Laura Summer came to Harlemville 30 years ago to participate in a painting training course offered at the former Atelier Painting School while her husband, Stu, undertook Waldorf teacher training at Hawthorne Valley. As she became immersed more and more in the world of art, Laura found her calling to teach others to paint—a path that led her to co-found Free Columbia as an exploration into art and social change.
Laura grew up in northern New Jersey and attended the Green Meadow Waldorf School. She moved to California after high school and pursued a degree in nursing. Ten years later, Laura decided to go to Minneapolis, MN, and become a nurse midwife. She delivered 444 babies while serving in that role.
In the late 80s, Laura and Stu came to the Hudson Valley to attend Sunbridge College. Following that, Laura applied for the painting course in Harlemville.
“When I first applied, I said to the teacher, ‘I just want to come for one year. I am not going to be a painter; I just need to learn to listen to something other than myself,’” she said. “It became clear that I needed to paint to be truly alive.”
After completing the program, Laura began teaching painting part time out of her home while caring for her young family. She often received requests to start a more in-depth painting program, but always felt she needed to find the right partner to lead such an initiative. She met Nathaniel Williams eleven years ago while running a collaborative studio in Hudson. Through their work together, they developed an idea for a 1-year painting program.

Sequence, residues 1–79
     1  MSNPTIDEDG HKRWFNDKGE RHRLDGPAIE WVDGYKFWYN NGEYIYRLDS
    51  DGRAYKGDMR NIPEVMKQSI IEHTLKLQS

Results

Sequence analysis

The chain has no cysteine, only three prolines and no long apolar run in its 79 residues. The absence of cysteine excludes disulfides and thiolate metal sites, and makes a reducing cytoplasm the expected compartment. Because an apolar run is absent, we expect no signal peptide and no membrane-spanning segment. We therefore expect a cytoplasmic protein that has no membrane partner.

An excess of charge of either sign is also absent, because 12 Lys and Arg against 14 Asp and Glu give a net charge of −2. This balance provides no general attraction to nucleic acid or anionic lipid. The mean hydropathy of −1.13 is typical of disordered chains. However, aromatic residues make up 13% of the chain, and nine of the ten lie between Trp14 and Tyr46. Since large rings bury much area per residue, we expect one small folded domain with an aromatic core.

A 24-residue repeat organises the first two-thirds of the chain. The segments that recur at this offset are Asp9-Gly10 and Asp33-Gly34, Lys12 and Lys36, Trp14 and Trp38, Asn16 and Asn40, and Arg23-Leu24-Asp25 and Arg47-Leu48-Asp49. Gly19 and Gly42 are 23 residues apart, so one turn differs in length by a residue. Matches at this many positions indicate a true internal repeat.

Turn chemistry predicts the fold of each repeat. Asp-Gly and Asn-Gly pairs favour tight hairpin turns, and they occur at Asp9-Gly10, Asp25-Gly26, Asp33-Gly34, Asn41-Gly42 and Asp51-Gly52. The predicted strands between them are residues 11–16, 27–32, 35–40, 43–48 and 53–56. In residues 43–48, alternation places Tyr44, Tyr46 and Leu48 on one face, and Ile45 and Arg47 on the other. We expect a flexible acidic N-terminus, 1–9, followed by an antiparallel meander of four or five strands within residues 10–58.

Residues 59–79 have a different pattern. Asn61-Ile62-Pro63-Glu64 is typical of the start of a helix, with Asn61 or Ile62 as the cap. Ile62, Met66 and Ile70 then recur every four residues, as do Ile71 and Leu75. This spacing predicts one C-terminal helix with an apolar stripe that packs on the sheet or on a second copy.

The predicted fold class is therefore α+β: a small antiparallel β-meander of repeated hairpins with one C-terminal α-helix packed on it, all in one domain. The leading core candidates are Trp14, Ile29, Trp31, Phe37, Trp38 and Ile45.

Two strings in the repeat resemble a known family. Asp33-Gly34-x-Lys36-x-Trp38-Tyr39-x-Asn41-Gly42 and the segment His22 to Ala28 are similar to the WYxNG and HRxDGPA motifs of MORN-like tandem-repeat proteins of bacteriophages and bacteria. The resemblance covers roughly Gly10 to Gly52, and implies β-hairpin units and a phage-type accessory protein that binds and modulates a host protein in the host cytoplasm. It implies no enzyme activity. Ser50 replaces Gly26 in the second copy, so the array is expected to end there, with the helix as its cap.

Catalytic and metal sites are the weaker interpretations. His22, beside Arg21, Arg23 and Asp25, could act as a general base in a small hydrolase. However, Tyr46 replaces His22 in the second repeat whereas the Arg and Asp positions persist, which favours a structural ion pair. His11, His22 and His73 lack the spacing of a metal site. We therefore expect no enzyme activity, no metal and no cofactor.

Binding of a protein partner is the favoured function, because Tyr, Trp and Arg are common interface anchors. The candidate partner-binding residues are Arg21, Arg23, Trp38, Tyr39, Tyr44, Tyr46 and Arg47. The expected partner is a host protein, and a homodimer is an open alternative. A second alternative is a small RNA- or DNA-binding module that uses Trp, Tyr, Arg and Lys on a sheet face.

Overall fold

“We started Free Columbia in 2008 as a painting course in relation to the spiritual aspects of the human being and the world, but it’s evolved over the years to include puppetry, Goethean observation and social change,” Laura said. “We’ve always been interested in incorporating Steiner’s threefold social order and economics into our work.”
To launch this new program, Laura and Nathaniel partnered with Hawthorne Valley, who fiscally-sponsored the program for several years before it became an official initiative of the organization, highlighting the arts in a more visible way.
Free Columbia offers year-long painting courses, workshops, summer camps for children, an artist in residency program and much more. Their work is based on the idea that culture should be free for all to enjoy. As a result, they do not have set fees for their programs, and rather than sell artwork, they disperse it.
“A dispersal is a way to decommodify art,” Laura said. “We set up an exhibit and offer the public the opportunity to become stewards of a piece of artwork. They have the option to keep it, to give it to another, or to return it when they want, all in exchange for a donation of any amount to support the work.”
Laura’s own paintings have been distributed both locally and internationally. She has had exhibitions at the Hudson Basilica, the National Museum of Catholic Art in New York City, and the Sekem community in Egypt, among other places; and offered dispersals in Philmont, Hudson, New York City, Los Angeles, Portland, OR, Eugene, OR, and Sweden.
Because Laura desires to share the joy she has found through the act of painting, she continues to put her efforts into developing Free Columbia’s programs to serve as many people as possible. “I like to share my passion with others because everyone needs to be alive, and painting just might be their avenue.”